Hello, I’m interested in using the VL53L0X on a robot to map its environment
I looked through the datasheet but could not find detailed information on the beam width (or cone angle). The Application Note mentions conical “field of view” zones for emitter and collector. Does this mean the IR laser “scans” a large area or is it a narrow laser beam? I am interested in a sensor with very small field of view that I will orient to take multiple measurements.
To easily scan the robot environment over 360°, I am considering using three sensors mounted at 120° from each other and rotate the sensor array over ±60° using a servo. Another option would be to use only one sensor aimed down at an angled mirror that continuously rotates (using a continuous rotation servo). Would the sensor work fine if aimed at a mirror?
To our knowledge, there is nothing in the VL53L0X that does any scanning. Section 5 of the datasheet mentions that there is a 25 degree Field of View (FOV), and in our experience, anything within the cone formed by that angle might be detected. Unfortunately, we do not have any other information available for that sensor outside the datasheet and the application note you linked.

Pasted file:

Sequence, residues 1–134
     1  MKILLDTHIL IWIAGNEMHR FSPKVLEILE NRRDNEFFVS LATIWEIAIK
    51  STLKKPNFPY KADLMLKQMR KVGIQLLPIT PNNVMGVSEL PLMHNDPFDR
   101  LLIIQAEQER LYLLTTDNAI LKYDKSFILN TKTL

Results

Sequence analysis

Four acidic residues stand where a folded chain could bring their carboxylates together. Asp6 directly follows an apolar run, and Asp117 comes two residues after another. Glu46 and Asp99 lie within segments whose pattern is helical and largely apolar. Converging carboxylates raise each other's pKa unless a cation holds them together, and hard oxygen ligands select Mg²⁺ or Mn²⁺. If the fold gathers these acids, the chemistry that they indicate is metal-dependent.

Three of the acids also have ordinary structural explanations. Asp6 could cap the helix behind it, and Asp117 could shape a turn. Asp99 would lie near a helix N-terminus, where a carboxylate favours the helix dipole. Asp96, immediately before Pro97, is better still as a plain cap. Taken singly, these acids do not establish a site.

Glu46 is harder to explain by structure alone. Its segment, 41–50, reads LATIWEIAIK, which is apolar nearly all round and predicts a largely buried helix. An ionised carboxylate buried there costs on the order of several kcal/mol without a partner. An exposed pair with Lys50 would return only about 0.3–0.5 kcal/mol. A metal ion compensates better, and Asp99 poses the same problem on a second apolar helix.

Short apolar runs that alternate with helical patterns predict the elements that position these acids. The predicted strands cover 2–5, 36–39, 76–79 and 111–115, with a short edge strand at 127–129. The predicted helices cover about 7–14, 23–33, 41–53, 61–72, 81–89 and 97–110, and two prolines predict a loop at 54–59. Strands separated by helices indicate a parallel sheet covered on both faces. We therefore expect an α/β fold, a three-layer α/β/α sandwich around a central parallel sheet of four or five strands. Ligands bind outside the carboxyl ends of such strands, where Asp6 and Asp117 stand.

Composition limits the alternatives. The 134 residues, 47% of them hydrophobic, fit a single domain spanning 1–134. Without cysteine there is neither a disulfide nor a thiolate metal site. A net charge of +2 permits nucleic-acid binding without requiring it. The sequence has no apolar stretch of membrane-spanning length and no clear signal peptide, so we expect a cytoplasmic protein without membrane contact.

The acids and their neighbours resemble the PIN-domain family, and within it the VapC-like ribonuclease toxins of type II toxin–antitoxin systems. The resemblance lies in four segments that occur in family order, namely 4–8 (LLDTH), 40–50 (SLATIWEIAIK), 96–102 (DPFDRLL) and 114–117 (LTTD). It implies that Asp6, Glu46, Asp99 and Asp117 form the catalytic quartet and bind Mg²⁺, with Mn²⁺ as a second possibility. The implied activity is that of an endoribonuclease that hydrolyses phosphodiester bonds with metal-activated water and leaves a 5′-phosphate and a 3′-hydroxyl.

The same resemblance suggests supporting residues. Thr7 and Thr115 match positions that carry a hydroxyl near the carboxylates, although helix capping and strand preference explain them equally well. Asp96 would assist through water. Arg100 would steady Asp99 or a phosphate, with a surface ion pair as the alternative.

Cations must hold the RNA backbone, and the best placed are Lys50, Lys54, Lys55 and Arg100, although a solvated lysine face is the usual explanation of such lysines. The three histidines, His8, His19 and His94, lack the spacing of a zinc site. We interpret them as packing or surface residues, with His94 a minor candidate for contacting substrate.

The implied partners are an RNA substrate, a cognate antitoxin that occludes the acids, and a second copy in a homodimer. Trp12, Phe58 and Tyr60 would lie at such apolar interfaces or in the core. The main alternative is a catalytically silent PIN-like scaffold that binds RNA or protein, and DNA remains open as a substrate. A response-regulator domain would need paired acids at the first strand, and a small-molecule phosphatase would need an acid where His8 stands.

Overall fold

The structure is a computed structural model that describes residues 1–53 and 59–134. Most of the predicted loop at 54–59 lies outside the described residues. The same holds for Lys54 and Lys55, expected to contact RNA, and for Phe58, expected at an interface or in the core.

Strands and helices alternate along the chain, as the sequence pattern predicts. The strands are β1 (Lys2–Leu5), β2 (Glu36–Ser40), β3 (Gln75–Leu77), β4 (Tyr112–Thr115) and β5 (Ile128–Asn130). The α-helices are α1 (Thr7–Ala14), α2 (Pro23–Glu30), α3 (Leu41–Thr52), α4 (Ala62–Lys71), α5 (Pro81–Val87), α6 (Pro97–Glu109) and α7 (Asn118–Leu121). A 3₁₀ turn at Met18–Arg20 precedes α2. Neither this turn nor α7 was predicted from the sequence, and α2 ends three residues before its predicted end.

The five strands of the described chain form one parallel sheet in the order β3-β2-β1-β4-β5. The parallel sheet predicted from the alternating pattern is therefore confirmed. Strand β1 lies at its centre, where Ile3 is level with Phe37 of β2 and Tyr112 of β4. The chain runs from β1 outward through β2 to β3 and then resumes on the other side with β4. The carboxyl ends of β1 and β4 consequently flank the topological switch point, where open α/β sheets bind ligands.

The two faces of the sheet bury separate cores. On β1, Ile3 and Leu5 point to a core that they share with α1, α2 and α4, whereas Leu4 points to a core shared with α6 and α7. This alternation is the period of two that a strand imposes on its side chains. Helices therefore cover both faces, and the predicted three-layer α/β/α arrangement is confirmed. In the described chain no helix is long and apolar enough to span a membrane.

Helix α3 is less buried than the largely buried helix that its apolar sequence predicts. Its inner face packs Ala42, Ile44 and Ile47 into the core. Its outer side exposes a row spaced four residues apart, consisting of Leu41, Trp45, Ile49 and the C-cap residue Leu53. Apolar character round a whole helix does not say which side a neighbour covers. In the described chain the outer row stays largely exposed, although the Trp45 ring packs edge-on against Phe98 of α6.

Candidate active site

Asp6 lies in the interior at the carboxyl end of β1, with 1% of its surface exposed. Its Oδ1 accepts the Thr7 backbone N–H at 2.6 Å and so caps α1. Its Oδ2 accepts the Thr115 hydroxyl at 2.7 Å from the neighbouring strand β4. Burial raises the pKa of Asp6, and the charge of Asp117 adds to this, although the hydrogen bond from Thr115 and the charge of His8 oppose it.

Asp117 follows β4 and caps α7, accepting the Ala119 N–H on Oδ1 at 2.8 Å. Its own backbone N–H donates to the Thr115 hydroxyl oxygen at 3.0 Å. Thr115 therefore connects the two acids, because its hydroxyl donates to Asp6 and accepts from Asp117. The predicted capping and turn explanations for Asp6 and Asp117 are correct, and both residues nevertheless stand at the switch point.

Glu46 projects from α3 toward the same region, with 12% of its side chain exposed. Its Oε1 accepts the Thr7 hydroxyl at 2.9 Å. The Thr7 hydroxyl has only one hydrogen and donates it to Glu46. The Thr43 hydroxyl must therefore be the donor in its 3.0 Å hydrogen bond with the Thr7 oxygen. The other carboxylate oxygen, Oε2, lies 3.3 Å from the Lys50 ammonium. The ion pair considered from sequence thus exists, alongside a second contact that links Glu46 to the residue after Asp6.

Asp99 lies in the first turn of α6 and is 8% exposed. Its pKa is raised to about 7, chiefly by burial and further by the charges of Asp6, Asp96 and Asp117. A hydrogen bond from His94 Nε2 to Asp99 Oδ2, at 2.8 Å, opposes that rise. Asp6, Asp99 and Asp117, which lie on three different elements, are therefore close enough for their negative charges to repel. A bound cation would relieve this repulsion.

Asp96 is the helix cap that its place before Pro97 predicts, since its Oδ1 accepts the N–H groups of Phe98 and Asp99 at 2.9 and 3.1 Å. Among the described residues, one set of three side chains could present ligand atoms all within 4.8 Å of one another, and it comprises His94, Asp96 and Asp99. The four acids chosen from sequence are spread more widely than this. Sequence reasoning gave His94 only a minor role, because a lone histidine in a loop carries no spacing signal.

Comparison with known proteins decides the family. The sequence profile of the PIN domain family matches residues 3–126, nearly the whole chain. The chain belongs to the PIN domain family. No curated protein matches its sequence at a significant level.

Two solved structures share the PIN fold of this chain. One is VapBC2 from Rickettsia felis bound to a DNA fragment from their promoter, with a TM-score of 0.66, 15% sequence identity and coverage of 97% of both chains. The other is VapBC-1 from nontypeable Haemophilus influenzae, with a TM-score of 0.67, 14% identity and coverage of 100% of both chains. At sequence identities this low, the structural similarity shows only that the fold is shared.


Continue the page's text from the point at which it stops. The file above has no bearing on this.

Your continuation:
As for your other question, we have not done any tests to determine how well that sensor would work with a mirror or other reflective surface, but we expect it to work fine. You might try getting one of the VL53L0X carriers and performing the test yourself. If you do, we would be interested in knowing how it goes.
Thanks Jon for the quick reply
I was hoping this sensor would measure the distance of a laser point (like a laser pointer) reflected on a target surface. That would be ideal for me. Nevertheless, the 25° FOV is approximately half that of the Maxbotix XL-MaxSonar-EZ4 Sonar Range Finder I am currently using (the narrowest beam in the series).
I noticed that when perfectly aligned with a narrow passages between objects (say less than 24" wide but over 6 ft long), the sonar returns objects at close distance. The robot then “believes” there is no passage in that direction while there is.The 25° FOV should perform better in this kind of situation.
Also, by combining multiple readings at angles smaller than the FOV (e.g. 5° apart) I can estimate the probability of having an obstacle at a certain distance within each angular sector which can increase the reliability of the mapping.
I’ll give it a try and see how it performs!